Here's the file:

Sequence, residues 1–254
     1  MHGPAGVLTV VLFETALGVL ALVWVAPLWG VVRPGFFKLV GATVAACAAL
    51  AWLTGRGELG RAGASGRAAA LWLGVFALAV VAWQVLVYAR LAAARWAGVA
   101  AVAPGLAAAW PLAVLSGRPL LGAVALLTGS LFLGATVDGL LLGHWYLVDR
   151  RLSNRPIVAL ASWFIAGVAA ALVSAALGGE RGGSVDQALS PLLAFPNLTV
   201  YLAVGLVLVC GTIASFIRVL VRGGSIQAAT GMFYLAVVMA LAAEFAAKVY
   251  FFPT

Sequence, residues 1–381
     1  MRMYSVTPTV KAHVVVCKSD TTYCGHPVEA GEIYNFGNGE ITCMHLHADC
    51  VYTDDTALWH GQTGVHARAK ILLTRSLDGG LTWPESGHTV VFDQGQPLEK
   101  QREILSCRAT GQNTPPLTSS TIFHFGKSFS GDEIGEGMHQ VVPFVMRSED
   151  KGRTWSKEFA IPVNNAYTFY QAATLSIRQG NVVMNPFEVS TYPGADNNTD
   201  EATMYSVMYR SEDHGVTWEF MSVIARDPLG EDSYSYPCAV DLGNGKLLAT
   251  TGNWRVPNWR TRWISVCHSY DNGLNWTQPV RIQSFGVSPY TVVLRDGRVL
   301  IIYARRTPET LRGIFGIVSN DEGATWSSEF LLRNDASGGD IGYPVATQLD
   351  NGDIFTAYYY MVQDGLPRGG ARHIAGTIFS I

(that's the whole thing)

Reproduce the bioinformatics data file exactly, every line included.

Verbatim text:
Sequence, residues 1–254
     1  MHGPAGVLTV VLFETALGVL ALVWVAPLWG VVRPGFFKLV GATVAACAAL
    51  AWLTGRGELG RAGASGRAAA LWLGVFALAV VAWQVLVYAR LAAARWAGVA
   101  AVAPGLAAAW PLAVLSGRPL LGAVALLTGS LFLGATVDGL LLGHWYLVDR
   151  RLSNRPIVAL ASWFIAGVAA ALVSAALGGE RGGSVDQALS PLLAFPNLTV
   201  YLAVGLVLVC GTIASFIRVL VRGGSIQAAT GMFYLAVVMA LAAEFAAKVY
   251  FFPT

Sequence, residues 1–381
     1  MRMYSVTPTV KAHVVVCKSD TTYCGHPVEA GEIYNFGNGE ITCMHLHADC
    51  VYTDDTALWH GQTGVHARAK ILLTRSLDGG LTWPESGHTV VFDQGQPLEK
   101  QREILSCRAT GQNTPPLTSS TIFHFGKSFS GDEIGEGMHQ VVPFVMRSED
   151  KGRTWSKEFA IPVNNAYTFY QAATLSIRQG NVVMNPFEVS TYPGADNNTD
   201  EATMYSVMYR SEDHGVTWEF MSVIARDPLG EDSYSYPCAV DLGNGKLLAT
   251  TGNWRVPNWR TRWISVCHSY DNGLNWTQPV RIQSFGVSPY TVVLRDGRVL
   301  IIYARRTPET LRGIFGIVSN DEGATWSSEF LLRNDASGGD IGYPVATQLD
   351  NGDIFTAYYY MVQDGLPRGG ARHIAGTIFS I